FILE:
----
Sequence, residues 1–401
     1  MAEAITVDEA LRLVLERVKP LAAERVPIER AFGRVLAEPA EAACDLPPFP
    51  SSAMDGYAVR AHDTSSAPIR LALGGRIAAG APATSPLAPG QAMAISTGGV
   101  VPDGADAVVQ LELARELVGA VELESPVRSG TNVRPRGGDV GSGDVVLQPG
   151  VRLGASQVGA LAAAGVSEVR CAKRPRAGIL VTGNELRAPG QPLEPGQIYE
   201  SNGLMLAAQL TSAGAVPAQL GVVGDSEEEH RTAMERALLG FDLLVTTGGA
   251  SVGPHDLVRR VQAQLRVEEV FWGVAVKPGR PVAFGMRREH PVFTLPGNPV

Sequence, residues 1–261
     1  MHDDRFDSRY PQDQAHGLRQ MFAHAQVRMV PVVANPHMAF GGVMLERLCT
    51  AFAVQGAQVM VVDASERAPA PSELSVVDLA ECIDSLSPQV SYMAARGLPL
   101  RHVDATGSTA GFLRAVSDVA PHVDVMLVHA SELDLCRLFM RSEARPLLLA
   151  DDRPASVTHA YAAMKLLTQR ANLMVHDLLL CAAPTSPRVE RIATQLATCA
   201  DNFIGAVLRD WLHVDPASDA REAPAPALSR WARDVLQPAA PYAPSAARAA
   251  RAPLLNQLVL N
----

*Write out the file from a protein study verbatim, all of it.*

Sequence, residues 1–401
     1  MAEAITVDEA LRLVLERVKP LAAERVPIER AFGRVLAEPA EAACDLPPFP
    51  SSAMDGYAVR AHDTSSAPIR LALGGRIAAG APATSPLAPG QAMAISTGGV
   101  VPDGADAVVQ LELARELVGA VELESPVRSG TNVRPRGGDV GSGDVVLQPG
   151  VRLGASQVGA LAAAGVSEVR CAKRPRAGIL VTGNELRAPG QPLEPGQIYE
   201  SNGLMLAAQL TSAGAVPAQL GVVGDSEEEH RTAMERALLG FDLLVTTGGA
   251  SVGPHDLVRR VQAQLRVEEV FWGVAVKPGR PVAFGMRREH PVFTLPGNPV

Sequence, residues 1–261
     1  MHDDRFDSRY PQDQAHGLRQ MFAHAQVRMV PVVANPHMAF GGVMLERLCT
    51  AFAVQGAQVM VVDASERAPA PSELSVVDLA ECIDSLSPQV SYMAARGLPL
   101  RHVDATGSTA GFLRAVSDVA PHVDVMLVHA SELDLCRLFM RSEARPLLLA
   151  DDRPASVTHA YAAMKLLTQR ANLMVHDLLL CAAPTSPRVE RIATQLATCA
   201  DNFIGAVLRD WLHVDPASDA REAPAPALSR WARDVLQPAA PYAPSAARAA
   251  RAPLLNQLVL N